Which brings us to the last element you need for a valid product liability case: using the product as intended. If your injury occurred while you were using the product correctly and for the intended purpose, you may have a case. For example, in the example above, if the ladder was clearly labeled with a load limit of 350 lb and you climbed on it anyway knowing you weighed 450 lb, you were not using the ladder as it was intended for, which is for loads up to 350 lb.

If your case satisfies all the required elements, then you probably have a valid case. If you haven’t yet, consult with a product liability lawyer to help you.

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The Risk of Cancer Due to Power Morcellators

Posted by on Sep 1, 2014 in Uncategorized | 1 comment

According to the National Institutes of Health, about a third of women in the United States will undergo a hysterectomy before she turns 60. Hysterectomy, a medical procedure wherein the uterus (or the womb) is removed, is done for a variety of reasons:

  • To reduce chronic pelvic pain and uncontrollable vaginal bleeding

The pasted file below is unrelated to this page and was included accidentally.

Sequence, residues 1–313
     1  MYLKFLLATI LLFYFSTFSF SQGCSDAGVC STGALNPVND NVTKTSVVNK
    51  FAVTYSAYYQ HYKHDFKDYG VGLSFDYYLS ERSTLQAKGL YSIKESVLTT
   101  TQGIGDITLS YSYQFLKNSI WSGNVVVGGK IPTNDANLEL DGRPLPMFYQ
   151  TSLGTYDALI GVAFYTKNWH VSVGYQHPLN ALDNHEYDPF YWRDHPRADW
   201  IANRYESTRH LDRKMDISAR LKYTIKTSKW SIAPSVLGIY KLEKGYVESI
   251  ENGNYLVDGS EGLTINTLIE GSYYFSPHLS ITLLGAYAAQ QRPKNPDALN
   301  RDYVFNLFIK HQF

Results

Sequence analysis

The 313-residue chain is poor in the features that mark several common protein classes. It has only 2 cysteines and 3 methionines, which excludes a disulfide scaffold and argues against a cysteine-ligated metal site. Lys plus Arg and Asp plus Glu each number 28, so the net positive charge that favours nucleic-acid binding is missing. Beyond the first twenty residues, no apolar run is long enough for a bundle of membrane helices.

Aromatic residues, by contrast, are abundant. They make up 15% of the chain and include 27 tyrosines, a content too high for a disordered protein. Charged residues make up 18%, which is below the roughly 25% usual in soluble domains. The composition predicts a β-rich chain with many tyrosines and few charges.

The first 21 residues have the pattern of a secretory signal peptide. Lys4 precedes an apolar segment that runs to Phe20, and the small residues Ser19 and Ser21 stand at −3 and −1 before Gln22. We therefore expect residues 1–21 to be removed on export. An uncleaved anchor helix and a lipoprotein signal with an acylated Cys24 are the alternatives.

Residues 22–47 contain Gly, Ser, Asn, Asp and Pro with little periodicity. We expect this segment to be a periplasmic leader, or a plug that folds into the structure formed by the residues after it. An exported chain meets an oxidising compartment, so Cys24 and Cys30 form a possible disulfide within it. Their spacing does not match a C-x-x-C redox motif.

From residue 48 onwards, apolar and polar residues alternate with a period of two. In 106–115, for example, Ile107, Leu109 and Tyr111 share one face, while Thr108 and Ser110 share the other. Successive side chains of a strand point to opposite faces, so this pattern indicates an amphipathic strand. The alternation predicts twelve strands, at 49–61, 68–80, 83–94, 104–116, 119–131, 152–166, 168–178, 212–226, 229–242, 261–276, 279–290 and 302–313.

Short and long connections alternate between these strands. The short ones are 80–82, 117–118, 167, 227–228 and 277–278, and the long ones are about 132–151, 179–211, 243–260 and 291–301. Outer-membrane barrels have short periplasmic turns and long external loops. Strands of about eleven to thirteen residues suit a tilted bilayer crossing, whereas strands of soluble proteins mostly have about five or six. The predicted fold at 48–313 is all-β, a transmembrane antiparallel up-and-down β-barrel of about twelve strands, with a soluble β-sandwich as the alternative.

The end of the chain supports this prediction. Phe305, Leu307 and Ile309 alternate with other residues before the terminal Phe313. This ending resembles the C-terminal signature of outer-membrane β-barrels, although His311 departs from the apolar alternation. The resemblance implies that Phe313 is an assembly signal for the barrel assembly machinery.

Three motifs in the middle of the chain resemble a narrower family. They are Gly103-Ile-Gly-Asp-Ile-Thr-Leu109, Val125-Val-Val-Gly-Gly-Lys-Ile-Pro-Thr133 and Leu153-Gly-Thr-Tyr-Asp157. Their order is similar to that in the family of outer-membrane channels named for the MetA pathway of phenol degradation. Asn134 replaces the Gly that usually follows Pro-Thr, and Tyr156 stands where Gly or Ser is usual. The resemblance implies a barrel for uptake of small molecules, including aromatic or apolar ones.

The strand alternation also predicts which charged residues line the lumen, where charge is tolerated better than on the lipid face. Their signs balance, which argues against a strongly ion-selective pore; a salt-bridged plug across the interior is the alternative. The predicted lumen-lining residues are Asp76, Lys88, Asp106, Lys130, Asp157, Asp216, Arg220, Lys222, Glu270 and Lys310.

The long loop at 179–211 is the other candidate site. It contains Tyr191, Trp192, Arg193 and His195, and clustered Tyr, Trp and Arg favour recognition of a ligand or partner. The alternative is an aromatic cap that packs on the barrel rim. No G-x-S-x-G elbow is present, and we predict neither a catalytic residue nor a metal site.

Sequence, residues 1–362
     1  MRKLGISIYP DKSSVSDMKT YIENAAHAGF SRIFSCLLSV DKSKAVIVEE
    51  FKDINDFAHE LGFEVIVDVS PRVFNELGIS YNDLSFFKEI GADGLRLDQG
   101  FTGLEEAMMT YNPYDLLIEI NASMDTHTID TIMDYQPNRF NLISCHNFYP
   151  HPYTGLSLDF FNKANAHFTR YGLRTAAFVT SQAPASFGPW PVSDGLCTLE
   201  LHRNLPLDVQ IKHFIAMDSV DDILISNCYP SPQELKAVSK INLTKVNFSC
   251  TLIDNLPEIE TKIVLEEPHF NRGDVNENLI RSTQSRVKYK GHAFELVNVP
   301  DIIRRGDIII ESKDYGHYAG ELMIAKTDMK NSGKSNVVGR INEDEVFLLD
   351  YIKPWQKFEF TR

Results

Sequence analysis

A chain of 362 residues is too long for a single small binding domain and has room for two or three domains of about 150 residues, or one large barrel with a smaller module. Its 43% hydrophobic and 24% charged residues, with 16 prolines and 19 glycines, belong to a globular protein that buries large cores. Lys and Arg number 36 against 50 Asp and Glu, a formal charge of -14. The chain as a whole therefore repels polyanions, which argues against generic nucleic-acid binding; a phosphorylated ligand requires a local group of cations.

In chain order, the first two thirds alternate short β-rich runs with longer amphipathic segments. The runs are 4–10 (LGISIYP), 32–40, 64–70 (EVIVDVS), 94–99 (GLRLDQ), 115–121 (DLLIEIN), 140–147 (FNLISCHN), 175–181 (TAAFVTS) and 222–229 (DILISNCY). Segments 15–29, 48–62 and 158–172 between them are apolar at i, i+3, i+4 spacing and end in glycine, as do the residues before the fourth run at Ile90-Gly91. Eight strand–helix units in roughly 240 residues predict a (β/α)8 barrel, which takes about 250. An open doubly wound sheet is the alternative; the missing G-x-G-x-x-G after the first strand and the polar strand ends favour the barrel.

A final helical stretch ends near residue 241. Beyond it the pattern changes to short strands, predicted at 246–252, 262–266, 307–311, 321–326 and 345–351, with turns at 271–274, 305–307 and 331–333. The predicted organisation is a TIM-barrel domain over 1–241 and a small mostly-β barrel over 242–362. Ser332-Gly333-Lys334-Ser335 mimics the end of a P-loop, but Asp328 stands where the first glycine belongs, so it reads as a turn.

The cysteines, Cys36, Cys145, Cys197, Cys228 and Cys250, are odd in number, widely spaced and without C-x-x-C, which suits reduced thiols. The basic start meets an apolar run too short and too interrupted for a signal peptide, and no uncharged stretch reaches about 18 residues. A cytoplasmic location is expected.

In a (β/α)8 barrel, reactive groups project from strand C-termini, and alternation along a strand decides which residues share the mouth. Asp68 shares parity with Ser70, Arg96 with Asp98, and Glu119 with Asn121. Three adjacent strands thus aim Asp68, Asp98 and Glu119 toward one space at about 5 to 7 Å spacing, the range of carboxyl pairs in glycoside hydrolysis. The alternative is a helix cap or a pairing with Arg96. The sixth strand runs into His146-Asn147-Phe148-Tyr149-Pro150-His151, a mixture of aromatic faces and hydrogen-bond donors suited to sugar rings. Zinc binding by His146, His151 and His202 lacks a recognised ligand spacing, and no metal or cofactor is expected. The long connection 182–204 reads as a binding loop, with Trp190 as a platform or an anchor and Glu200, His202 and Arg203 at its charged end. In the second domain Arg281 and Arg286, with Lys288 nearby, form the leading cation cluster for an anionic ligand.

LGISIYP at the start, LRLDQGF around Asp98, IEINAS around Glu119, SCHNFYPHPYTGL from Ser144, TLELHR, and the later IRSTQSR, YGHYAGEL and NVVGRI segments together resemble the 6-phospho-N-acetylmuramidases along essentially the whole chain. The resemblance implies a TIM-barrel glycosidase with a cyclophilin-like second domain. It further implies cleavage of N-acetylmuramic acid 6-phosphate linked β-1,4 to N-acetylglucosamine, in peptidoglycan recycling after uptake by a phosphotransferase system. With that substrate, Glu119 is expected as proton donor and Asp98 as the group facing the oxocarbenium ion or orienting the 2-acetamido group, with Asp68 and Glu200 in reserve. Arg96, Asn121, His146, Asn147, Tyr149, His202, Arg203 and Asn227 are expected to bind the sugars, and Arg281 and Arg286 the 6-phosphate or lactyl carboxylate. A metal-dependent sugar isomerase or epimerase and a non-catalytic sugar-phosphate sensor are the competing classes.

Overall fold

• To remove uterine fibroids (or myomas), which are benign tumors that grow in the uterus
  • To treat infections and different types of cancer (cervical cancer, ovarian cancer or uterine cancer)
  • To treat uterine prolapse, a condition wherein the womb or the uterus slips out of the cervix, falling halfway into the birth canal or vagina
  • Treatment of other conditions, including endometriosis, adenomyosis and pelvic inflammatory diseases

The traditional way of performing hysterectomy is through open surgery, which requires an incision in the abdomen, about five to seven inches long (also called Abdominal Hysterectomy). The modern way, and which more doctors prefer due to its many advantages, is laparoscopic hysterectomy, which necessitates only 0.5-1cm incisions and, therefore, much faster to heal, is easier and faster to perform, less bloody, less painful and reduces chances of infection.